Putting a Face on the Victims of Credit Derivatives
It turns out that this charity, which is dedicated to fulfilling the wishes of extremely ill children (many of them terminally ill), was tricked into investing in complex credit derivatives! It's the same old story: Unwitting small time investors lured into investments that promise higher yields at supposedly low risk; unbeknownst to them, they are writing options (i.e., could lose their shirts) in exchange for that slightly higher yield. But this time, the victims are truly sympathetic ... the director of the Wish Fund went out of her way to make sure the investments were as safe as CDs and money market funds. The (unscrupulous) broker -- no doubt selling her some propaganda about AAA rated mortgage-backed securities (we know what those ratings are worth ... zilch) -- bamboozled the fund into buying into credit derivatives as all hell was about to break lose.
This is one of the -- if not THE -- best articles I have read on the credit crises. There are many interesting aspects to this article. The one I found darkly humorous was mortgage-backed securities hedge fund 'hotshot,' John Devaney, owning a yacht called "Positive Carry." The name of the yacht is derived from the 'carry trade' ... and as I have written about this in the past (just do a search of the blog) ... this is essentially, as Nassim Nicholas Taleb so aptly puts it, "stepping in front of steamrollers to pick up pennies." Apparently, the steamroller finally caught up with "Positive Carry" ... apologies for a bit of schadenfreude.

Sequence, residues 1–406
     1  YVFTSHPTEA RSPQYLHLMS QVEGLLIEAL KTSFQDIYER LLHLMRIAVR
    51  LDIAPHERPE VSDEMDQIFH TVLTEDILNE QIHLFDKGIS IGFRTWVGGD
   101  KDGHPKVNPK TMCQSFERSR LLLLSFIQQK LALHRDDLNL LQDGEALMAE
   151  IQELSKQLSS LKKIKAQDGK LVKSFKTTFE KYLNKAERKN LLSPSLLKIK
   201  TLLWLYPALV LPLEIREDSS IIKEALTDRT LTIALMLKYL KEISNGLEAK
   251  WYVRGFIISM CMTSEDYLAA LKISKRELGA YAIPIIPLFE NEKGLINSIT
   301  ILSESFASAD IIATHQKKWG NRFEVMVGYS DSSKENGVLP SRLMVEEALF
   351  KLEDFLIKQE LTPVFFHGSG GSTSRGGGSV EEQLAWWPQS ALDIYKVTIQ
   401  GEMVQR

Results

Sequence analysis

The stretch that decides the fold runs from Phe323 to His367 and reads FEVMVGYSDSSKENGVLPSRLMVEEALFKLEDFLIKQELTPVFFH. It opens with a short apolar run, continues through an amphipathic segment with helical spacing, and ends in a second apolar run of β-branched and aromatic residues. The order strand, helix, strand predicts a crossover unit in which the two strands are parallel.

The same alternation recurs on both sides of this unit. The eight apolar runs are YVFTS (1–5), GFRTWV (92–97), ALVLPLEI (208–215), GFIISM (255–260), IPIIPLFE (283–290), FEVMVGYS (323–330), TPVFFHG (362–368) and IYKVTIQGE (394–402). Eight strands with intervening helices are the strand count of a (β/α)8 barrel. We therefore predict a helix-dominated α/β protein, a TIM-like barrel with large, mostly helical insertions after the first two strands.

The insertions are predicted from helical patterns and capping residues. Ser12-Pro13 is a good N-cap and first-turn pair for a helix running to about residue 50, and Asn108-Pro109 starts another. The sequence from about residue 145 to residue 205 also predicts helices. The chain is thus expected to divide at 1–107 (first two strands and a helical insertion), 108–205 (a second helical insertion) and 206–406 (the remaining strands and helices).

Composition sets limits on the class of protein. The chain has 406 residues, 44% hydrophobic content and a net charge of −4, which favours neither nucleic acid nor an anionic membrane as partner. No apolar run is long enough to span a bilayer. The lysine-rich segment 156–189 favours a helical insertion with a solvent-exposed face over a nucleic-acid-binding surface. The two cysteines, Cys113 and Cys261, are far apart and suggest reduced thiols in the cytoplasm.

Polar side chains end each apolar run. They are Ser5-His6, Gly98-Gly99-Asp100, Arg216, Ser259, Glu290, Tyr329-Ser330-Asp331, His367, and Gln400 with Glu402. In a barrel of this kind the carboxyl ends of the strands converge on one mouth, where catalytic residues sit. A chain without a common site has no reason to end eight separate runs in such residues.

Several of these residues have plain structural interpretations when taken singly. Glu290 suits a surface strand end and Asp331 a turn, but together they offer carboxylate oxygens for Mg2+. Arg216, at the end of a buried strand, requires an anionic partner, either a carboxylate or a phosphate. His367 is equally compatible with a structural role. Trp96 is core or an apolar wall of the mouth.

As for the Indiana Children's Wish Fund, there is some good news. They were able to get a very quick settlement (thanks, in part, to the exposure by the New York Times) from their brokers. If anyone needed a concrete example of how the shameless marketing of credit derivatives to investors who have NO business getting mixed up with complex financial derivatives, then the Wish Fund serves as Exhibit A. Without the settlement, the credit crises would have meant that nine children's wishes would have gone unfulfilled. When you see a photo of a terminally ill child getting to meet Indiana Colt's quaterback, Peyton Manning ... sadly, the child in the photo died a few weeks after meeting his hero ... one can get a full sense of the gravity of the damage that some hotshot traders and derivatives salesmen have caused in ordinary people's lives on their way to buying yachts, luxury homes, etc.